Despite a bright start to the morning, the weather was pretty miserable for the rest of the day, so maybe we didn’t see the coast from Hull to King’s Lynn in its best light. However, as usual we made the most of the day, rain or shine!
Photo of the day
A dragon in its natural habitat on the beach at Cleethorpes.
After leaving Hull, we found New Holland on the map just south of the River Humber. Perfect for a quick Dutch photo opportunity at the local (very quiet) station in the middle of the docks.
After a short ten minutes drive through the North Lincolnshire countryside we arrived at the remains of the Augustinian Thornton Abbey. The fortified gatehouse, considered to be one of the finest in England.
Heading down a bumpy lane alongside the River Humber, trying to find the Killingholme Lighthouses, something told us we probably weren’t meant to be down here…
Killingholme North Low Lighthouse, looking a little unloved.
Its sister, the Killingholme South Low Lighthouse, wedged between a waterworks, coal docks and the Humber.
And finally its big brother, Killingholme High Lighthouse in the middle of the waterworks. As we really weren’t sure if we should be here, we took some quick photos, then got back on the road to Grimsby.
The view back to Grimsby from the north end of the promenade at Cleethorpes. Not the most inviting view. Grimsby once had the largest fishing fleet in the world, but lost that crown in the Iceland cod wars. However, it still has the UK’s largest fish market.
The view from our car as we sat eating our lunchtime sandwiches.
Cleethorpes Pier, now the largest fish & chip shop in the country!
We only stopped briefly at the dunes and mudflats, as the sign put us off a little….
A very quiet day for the lifeguard at Mablethorpe, as we arrived he was already packing up for the day.
Things that go bump in the night at Mablethorpe…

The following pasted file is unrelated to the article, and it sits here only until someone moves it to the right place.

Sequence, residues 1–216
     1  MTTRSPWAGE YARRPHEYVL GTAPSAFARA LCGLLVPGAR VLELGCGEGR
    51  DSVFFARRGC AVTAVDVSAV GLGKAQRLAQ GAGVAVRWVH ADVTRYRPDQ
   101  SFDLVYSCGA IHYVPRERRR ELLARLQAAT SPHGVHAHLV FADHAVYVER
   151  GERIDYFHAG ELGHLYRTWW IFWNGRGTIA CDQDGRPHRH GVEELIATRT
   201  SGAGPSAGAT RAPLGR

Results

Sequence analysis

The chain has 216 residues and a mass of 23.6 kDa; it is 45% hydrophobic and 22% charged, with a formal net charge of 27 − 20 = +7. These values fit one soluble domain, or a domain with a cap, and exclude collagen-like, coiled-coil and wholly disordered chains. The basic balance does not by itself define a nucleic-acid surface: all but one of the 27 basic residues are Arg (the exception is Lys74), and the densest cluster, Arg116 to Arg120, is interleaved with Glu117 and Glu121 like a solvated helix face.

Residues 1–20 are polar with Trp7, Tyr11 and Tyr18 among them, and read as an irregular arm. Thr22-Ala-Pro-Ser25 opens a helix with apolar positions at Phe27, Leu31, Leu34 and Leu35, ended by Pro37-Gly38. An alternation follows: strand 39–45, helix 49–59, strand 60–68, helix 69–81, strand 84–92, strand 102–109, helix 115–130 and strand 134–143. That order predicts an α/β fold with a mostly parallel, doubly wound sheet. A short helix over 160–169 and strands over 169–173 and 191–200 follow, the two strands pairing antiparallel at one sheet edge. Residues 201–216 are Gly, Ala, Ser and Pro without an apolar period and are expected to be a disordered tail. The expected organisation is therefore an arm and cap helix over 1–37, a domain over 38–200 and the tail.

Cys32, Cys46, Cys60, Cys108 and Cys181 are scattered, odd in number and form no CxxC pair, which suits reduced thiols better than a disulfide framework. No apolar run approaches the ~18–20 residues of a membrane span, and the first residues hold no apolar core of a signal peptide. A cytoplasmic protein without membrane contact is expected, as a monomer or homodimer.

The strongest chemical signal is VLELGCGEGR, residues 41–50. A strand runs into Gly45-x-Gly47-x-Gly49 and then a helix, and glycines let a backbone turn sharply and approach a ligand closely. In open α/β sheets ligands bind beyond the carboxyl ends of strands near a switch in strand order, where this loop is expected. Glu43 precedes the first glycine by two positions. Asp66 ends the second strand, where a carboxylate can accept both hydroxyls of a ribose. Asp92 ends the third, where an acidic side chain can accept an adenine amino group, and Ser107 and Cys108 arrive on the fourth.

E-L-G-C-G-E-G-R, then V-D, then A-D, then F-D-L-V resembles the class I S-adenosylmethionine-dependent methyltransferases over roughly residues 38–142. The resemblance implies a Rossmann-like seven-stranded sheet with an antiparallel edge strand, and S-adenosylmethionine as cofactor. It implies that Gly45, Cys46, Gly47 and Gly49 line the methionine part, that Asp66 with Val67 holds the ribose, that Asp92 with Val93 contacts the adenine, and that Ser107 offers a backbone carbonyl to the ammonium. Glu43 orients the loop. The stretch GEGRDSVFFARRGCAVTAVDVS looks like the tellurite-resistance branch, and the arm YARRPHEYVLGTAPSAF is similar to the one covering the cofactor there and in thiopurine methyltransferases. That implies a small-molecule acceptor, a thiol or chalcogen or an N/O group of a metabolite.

Checking out the local delicacy…
Chapel St Leonards
Stripey beach huts at Chapel Point Beach, quite a contrast to the Second World War defences that they had replaced.
We entered Skegness from the north via Fantasy Island…. which was a kind of a surreal place. Roller-coasters towering above static caravans as far as the eye could see. We’re big roller-coaster fans, but not today…
Driving through Skegness we reached Gibraltar Point National Nature Reserve to the south, and its sleek new information centre overlooking the dunes and marshes. The area couldn’t have felt more different than the more commercial parts of Skegness. Variety… that’s the great British seaside for you! 😉
Boats moored along the very muddy (and slippery) Steeping River.
Wainfleet All Saints
Stopping briefly at the early Victorian Barkham Street in Wainfleet All Saints. A street you would expect to see in London, and probably not in a small Lincolnshire town.
As we drove to King’s Lynn for the evening we decide to make our final stop of the day at Boston. As we approached through the flat fens we were drawn towards the huge 83m high St Botolph’s Church tower (AKA Boston Stump) sticking out on the horizon. Considered to be the largest parish church in England (actually we assumed it was a cathedral).
A lovely cozy market town feel to the cobbled lanes around the church.